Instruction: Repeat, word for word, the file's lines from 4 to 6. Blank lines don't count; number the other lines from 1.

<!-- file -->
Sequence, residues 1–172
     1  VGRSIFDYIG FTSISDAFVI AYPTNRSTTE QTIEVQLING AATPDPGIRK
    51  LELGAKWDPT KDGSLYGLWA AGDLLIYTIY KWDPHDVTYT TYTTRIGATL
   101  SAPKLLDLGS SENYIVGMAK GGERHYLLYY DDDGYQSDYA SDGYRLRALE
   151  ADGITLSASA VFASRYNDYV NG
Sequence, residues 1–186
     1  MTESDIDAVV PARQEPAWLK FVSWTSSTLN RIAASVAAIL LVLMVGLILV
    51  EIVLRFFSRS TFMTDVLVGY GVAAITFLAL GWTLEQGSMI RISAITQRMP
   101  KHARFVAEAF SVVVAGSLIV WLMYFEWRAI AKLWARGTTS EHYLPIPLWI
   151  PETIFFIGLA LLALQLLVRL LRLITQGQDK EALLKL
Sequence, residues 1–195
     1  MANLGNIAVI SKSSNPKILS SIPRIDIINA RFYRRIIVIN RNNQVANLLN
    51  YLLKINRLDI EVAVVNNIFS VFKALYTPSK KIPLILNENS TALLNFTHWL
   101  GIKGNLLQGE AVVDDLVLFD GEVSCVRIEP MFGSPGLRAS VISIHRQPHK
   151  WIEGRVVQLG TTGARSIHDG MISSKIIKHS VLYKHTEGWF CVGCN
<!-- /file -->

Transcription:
   101  SAPKLLDLGS SENYIVGMAK GGERHYLLYY DDDGYQSDYA SDGYRLRALE
   151  ADGITLSASA VFASRYNDYV NG
Sequence, residues 1–186